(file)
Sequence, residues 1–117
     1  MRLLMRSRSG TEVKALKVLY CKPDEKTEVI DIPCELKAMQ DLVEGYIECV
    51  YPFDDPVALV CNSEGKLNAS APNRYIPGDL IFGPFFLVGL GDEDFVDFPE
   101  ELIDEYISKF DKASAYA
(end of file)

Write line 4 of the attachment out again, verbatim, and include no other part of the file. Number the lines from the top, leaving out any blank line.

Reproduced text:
   101  ELIDEYISKF DKASAYA